Greater commitment to development initiatives has played a key role in keeping poverty in Palau at bay. In a broader context, the principles of emphasizing foreign aid and diplomacy can possibly be applied to other Oceanic nations and eventually strengthen the autonomy of those respective nations.

Casie Wilson

Photo: Flickr

Climate Resiliency
Amid the hottest year on record, pacific island states are preparing for the consequences of climate change.

Climate change bears a consequential effect on the entire international community, but the first countries to contend with its baleful side effects are the Pacific Island states.

According to a report from the World Bank, pacific island states are highly susceptible to acts of “extreme weather and climate,” because of their reduced population, geographic location and restricted economies.

In 2012, the Pacific Island Regional Climate Assessment (PIRCA) conducted an assessment of climate change in the pacific region and discovered that the effects of climate change cannot always be observed by human senses. For instance, the balance of Pacific Island habitats is eroding – Hawaiian native forest birds are dying as a result of mosquito-borne disease, which stems from increasing global temperatures.

Papua New Guinea, Samoa and Tonga, however, have demonstrated their commitment to climate resiliency through programs to mollify the aftermath of natural disasters and climate change consequences.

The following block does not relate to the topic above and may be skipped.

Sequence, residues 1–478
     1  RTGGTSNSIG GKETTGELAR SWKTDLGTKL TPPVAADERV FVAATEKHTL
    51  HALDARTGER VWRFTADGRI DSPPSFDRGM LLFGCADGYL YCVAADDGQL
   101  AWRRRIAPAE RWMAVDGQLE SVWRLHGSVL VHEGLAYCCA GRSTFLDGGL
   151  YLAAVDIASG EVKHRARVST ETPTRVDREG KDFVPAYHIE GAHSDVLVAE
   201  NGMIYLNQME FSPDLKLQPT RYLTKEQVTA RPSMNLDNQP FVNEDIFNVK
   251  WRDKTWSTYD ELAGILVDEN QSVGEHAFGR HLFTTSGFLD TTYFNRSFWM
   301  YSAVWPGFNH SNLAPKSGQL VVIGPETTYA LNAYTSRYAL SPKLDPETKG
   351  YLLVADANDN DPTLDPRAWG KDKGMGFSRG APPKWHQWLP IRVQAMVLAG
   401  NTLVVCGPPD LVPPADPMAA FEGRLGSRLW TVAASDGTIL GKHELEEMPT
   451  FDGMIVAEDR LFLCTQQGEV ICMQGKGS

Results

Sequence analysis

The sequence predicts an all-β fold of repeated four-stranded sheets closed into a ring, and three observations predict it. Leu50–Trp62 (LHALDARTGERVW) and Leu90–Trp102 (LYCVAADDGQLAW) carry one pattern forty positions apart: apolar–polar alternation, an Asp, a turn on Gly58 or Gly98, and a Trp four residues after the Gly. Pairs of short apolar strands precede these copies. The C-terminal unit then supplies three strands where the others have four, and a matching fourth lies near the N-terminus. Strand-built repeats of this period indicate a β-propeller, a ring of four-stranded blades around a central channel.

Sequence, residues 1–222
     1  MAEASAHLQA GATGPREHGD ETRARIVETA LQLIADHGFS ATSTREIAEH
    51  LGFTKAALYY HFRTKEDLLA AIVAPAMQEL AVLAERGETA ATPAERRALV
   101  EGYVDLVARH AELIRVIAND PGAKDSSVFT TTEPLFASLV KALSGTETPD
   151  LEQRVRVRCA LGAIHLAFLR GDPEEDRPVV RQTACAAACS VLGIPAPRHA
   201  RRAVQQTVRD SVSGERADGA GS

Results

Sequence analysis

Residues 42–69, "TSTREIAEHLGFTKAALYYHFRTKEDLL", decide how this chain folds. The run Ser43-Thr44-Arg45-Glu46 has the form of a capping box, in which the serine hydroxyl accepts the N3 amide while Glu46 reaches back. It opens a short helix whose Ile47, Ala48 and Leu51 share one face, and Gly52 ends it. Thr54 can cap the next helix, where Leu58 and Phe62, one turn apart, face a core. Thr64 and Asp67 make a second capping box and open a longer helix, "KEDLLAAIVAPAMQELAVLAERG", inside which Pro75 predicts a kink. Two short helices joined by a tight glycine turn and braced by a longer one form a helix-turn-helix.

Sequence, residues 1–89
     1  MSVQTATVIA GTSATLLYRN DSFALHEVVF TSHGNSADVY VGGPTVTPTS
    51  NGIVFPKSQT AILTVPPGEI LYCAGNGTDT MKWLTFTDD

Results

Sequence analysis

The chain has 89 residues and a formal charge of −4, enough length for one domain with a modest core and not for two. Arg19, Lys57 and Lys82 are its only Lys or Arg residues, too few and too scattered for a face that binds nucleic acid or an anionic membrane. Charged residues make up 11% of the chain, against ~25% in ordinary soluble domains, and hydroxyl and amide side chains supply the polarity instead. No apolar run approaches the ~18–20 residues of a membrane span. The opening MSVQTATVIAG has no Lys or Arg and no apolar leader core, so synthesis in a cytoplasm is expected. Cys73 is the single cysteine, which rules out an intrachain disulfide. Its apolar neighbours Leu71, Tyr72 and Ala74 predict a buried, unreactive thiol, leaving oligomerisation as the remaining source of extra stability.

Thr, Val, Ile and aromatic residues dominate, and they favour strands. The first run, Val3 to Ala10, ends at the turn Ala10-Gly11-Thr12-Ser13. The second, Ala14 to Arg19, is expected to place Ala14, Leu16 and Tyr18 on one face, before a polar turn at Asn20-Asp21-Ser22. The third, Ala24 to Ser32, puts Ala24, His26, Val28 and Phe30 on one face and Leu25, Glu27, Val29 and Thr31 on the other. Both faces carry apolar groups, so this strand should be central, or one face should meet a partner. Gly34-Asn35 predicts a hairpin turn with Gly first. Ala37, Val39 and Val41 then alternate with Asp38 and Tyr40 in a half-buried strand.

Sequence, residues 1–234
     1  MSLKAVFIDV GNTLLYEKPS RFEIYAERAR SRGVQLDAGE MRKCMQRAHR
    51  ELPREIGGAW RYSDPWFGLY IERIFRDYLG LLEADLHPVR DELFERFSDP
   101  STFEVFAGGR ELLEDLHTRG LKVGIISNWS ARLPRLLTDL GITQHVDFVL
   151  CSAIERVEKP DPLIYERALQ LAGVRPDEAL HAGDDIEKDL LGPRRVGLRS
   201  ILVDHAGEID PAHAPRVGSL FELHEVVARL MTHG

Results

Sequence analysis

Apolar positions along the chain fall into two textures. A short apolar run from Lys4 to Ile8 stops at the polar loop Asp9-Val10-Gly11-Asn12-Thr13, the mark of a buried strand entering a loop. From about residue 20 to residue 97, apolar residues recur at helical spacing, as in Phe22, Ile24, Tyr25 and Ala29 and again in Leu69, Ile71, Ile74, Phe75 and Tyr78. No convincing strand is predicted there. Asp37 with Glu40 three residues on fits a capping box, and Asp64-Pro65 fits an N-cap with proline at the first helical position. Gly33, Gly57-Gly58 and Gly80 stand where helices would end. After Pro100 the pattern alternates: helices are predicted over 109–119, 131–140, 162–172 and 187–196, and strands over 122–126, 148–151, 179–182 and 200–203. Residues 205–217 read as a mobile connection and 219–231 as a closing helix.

Utilizing $75 million of U.S. federal grants, the aforementioned pacific states have financed the Pilot Program for Climate Resilience (PPCR), which provides local, national and sectoral agencies with added capital to “mainstream climate change adaptation and disaster risk reduction.”

Other pacific region climate resiliency plans include the 2016 Pacific Resiliency Program (PREP), which was the culmination of a three-day workshop where pacific region diplomats collaborated to abate the effect of climate change.

International institutions play an integral role in climate resiliency, which is demonstrated by their generous grants and credits for preventative programs. For instance, the International Development Association (IDA), the Global Environment Facility Special Climate Change Fund to Tonga, the Global Facility for Disaster Reduction and Recovery to Tonga contributed $43.66 million to the PREP program.

The 2012 PIRCA also noted the potential for a climate change-induced human rights catastrophe. Pacific Island states are likely to have reduced freshwater supplies, increased coastal flooding and erosion, coastal economic decline, and human migration if climate change continues at its current pace.

In the coming years, the international community will be tested by the effects of climate change. It is incumbent for citizens across the world to ensure their political leaders are held to the principles of climate resiliency, as it is likely to be the most consequential threat of the 21st century.

Adam George

Photo: Flickr

Poor Health in the Pacific Has Hope